Spectrum of pathogen- and model-specific histopathologies in mouse models of acute pneumonia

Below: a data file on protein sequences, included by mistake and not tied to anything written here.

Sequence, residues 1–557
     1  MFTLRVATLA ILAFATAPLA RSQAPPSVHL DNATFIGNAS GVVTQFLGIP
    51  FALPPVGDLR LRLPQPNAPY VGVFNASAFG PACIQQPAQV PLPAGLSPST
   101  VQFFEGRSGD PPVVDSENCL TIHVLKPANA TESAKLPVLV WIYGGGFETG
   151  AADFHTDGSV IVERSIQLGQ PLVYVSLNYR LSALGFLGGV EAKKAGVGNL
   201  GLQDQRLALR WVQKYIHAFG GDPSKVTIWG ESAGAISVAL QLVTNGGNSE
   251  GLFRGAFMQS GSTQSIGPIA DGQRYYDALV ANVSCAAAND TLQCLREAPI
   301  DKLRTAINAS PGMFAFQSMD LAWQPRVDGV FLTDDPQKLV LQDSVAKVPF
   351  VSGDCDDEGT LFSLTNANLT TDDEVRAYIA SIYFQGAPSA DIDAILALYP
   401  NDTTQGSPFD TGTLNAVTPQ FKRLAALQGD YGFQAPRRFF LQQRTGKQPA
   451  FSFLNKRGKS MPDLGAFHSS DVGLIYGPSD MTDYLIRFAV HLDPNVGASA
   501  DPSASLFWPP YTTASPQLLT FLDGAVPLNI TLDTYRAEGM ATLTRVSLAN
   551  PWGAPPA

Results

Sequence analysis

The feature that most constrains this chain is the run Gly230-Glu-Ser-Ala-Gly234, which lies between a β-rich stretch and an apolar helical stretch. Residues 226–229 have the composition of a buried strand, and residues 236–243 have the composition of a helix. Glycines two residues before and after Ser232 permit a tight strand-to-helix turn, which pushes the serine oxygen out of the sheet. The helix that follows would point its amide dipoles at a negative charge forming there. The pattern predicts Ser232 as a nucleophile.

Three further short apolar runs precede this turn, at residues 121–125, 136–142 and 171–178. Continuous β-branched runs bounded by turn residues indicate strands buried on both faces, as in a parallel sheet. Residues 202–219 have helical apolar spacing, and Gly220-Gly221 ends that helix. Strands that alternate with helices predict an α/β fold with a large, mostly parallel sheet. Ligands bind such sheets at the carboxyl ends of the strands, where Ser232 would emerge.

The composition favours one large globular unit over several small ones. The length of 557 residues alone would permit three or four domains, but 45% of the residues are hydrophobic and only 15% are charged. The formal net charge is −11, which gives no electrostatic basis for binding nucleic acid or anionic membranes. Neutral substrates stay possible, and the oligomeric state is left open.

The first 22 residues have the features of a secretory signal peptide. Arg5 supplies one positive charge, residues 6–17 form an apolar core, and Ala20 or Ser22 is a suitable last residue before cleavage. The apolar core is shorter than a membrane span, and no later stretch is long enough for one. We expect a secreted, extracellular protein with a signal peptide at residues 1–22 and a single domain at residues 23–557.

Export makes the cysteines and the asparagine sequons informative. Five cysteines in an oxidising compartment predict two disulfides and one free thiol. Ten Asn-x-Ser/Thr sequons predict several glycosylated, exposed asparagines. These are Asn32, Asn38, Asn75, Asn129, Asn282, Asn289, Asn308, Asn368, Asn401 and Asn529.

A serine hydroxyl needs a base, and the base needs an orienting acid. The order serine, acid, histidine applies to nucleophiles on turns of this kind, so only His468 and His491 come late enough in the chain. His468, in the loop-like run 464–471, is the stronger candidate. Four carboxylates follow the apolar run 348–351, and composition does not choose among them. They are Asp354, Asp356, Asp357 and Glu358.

Infection of murine lungs with different bacterial or viral pathogens resulted in striking differences in the distributions, expansions and symmetries of pneumonic lesions that were highly reproducible for each pathogen. Mainly centrally located lesions induced by S. aureus and L. pneumophila remained close to the hilus with no trend towards peripheral expansion. Infection with S. pneumoniae, A. baumannii and MERS-CoV resulted in lesions closely surrounding the airways and blood vessels close to the central major airway segments with centrifugal expansion towards the periphery. In contrast, lesions induced by K. pneumoniae were mostly located in the periphery of the lobes and airways and much weaker adjacent to the hilus. Hematogenous infection with E. coli was associated with entirely diffuse distribution of lesions affecting the whole lungs with myriads of inflammatory hot spots, commonly surrounding blood vessels. IAV-induced lesions were restricted to individual lung lobes with a rather homogeneous distribution within affected lobes. Which lobes were affected followed a rather random and inconsistent pattern. Superinfection of S. pneumoniae into an IAV-pneumonia resulted in a pattern virtually identical to that seen after IAV infection alone. Except for E. coli induced pneumonia, virtually all lung lesions were distributed asymmetrically between the left and right lung halves with no tendency of either half to be more often or more strongly affected.